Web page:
Poly(vinyl alcohol) (PVA)/Poly(acrylic acid) (PAA) hydrogel can be utilized as a biomimetic actuator and coating material for tissue-implant interface, when employing an electrical stimulus. The swelling, shape change, and actuation characteristics of PVA/PAA hydrogel in a range of dc electrical fields were determined to find the optimal electric field for the hydrogel application as biomimetic actuator and coating materials. The hydrogel samples were prepared by dissolving PVA and PAA in deionized water at 4 wt% and mixed together at 1:1 ratio. Two custom made experimental setups were fabricated; one used for the measurement of swelling ratio of the hydrogels; and the other used for the shape changes or actuation characteristics of the hydrogels. Swelling experiments show increased swelling ratios of the hydrogel due to 10 V, 20 V, and 30 V electric fields. The rate of increment of the swelling ratio of hydrogel samples under 10V was higher compare to those samples under 20 V and 30 V. The width and height changes of rectangular shapes and maximum deflection along the length of hydrogel sample due to a range of electric fields (0-30V) were measured using an optical microscope. Incremental shape change up to a specific threshold value (around 10V) was observed due to electric stimulus. Electrostatic actuation pressure of hydrogel samples under 10V was higher compare to those samples under 20 V and 30 V. These results suggested that optimal performance of PVA/PAA hydrogel can be achieved around 10V.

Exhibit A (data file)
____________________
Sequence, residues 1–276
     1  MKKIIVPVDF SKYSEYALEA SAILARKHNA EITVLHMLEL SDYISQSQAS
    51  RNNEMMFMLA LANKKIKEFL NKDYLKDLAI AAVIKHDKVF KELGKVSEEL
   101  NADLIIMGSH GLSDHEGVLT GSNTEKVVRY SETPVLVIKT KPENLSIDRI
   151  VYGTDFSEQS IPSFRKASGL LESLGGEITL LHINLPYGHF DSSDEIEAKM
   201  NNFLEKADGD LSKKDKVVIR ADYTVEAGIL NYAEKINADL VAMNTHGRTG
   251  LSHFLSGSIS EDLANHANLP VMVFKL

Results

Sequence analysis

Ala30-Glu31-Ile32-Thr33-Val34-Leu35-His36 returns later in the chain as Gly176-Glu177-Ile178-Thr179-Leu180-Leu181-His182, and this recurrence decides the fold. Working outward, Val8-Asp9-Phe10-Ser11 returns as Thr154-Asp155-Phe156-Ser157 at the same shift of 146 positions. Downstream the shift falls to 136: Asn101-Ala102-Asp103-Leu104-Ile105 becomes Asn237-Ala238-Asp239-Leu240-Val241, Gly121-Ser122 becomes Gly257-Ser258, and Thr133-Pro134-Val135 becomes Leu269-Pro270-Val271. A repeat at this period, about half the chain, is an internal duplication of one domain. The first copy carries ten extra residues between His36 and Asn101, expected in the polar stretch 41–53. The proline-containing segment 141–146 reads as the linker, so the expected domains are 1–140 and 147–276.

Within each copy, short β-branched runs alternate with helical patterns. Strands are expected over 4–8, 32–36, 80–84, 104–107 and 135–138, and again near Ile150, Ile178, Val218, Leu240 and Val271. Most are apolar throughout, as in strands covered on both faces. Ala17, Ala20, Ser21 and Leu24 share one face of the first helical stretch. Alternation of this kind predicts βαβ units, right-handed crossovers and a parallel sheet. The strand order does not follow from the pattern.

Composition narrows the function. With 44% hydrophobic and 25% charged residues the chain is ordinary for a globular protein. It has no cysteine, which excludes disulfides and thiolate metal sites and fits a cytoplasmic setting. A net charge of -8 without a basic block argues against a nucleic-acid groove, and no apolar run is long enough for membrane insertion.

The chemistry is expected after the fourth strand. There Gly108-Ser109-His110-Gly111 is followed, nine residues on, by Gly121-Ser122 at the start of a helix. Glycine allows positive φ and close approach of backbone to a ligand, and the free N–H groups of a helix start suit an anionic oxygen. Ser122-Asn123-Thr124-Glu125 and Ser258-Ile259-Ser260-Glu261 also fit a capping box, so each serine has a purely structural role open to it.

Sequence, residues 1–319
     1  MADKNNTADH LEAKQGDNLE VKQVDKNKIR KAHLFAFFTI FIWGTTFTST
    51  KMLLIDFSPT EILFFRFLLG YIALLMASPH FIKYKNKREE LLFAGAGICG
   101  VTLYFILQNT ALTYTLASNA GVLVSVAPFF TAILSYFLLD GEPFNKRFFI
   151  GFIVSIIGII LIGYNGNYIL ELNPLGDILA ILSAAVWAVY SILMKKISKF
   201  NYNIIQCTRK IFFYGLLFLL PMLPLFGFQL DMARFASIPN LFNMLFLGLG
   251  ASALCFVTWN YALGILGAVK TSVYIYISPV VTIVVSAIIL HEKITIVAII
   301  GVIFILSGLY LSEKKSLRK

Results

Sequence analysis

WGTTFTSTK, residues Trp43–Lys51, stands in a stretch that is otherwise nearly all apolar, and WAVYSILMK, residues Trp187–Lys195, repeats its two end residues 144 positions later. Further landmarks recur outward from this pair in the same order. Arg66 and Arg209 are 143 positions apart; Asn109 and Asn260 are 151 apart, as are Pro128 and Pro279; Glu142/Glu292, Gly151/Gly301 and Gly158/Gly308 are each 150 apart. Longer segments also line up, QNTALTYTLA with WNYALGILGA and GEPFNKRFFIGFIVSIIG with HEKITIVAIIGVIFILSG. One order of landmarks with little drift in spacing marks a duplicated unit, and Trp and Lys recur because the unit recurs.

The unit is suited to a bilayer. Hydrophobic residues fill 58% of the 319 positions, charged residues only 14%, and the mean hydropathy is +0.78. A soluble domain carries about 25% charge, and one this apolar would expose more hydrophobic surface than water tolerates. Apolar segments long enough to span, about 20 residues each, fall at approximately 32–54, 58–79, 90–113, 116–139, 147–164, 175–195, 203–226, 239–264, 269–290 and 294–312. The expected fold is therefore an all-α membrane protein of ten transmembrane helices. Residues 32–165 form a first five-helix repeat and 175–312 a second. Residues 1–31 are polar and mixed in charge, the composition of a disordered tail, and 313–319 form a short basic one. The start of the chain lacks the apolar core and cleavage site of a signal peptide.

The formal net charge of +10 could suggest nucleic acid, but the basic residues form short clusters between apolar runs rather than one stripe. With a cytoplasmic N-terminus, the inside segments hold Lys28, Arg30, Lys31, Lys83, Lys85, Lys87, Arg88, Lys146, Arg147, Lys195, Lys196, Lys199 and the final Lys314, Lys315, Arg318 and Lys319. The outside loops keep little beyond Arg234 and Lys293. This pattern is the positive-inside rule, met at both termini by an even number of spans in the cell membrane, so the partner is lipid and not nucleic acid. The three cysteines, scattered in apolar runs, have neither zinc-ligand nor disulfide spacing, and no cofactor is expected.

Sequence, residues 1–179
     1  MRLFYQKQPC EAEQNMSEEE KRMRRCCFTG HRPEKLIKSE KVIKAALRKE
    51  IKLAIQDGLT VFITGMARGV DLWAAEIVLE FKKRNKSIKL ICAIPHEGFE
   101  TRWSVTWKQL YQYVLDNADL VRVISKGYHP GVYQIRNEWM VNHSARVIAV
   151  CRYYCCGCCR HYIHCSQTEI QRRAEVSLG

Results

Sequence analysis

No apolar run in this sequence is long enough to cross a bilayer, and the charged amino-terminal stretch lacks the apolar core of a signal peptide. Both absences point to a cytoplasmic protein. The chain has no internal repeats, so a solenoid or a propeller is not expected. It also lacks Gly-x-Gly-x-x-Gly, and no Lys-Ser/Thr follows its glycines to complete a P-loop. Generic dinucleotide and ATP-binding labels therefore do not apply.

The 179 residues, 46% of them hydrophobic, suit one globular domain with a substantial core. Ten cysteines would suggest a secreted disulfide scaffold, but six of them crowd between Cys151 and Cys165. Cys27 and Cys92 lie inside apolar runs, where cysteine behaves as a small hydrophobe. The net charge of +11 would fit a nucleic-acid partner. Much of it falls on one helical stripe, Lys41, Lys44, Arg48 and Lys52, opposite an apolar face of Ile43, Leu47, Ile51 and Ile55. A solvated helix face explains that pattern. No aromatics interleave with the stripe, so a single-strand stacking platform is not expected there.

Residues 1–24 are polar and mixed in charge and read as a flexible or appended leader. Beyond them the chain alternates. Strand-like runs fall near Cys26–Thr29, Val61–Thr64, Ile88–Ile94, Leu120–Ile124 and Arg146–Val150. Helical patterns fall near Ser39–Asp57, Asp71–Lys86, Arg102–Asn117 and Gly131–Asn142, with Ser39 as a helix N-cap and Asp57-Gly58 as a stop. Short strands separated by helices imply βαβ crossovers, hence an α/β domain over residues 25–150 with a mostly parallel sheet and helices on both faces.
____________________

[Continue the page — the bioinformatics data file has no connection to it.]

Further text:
Poly Vinyl Alcohol; Poly Acrylic Acid; Ionic Hydrogel; Swelling Effect; Shape Effect; Actuation
To develop a gentamicin-loaded wound dressing, cross-linked hydrogel films were prepared with polyvinyl alcohol (PVA) and dextran using the freezing–thawing method. Their gel properties such as gel fraction, swelling, water vapor transmission test, morphology, tensile strength, and thermal property were investigated. In vitro protein adsorption test, in vivo wound healing test, and histopathology were performed. Dextran decreased the gel fraction, maximum strength, and thermal stability of hydrogels. However, it increased the swelling ability, water vapor transmission rate, elasticity, porosity, and protein adsorption. The drug gave a little positive effect on the gel properties of hydrogels. The gentamicin-loaded wound dressing composed of 2.5% PVA, 1.13% dextran, and 0.1% drug was more swellable, flexible, and elastic than that with only PVA because of its cross-linking interaction with PVA. In particular, it could provide an adequate level of moisture and build up the exudates on the wound area. From the in vivo wound healing and histological results, this gentamicin-loaded wound dressing enhanced the healing effect more compared to conventional product because of the potential healing effect of gentamicin. Thus, this gentamicin-loaded wound dressing would be used as a potential wound dressing with excellent forming and improved healing effect in wound care.
dextran; gentamicin; histological examination; wound dressing; wound healing effect